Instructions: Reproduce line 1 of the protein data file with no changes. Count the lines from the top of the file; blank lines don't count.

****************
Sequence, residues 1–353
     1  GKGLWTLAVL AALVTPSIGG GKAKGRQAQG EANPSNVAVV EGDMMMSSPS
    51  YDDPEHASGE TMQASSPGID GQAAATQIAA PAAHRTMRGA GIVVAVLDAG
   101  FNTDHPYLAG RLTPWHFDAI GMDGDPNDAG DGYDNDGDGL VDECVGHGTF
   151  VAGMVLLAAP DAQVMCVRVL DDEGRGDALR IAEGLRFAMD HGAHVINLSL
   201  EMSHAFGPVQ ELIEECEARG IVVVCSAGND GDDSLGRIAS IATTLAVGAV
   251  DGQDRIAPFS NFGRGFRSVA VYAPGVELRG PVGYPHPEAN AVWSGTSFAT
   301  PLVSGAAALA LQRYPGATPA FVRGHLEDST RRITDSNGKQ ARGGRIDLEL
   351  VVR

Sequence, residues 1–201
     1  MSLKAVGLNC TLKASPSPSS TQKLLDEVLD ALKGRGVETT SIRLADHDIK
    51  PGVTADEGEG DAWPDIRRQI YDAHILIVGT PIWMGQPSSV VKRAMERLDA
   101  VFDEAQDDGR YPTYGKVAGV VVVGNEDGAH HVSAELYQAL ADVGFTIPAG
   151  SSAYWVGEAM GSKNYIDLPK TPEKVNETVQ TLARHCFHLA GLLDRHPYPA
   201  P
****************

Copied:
Sequence, residues 1–353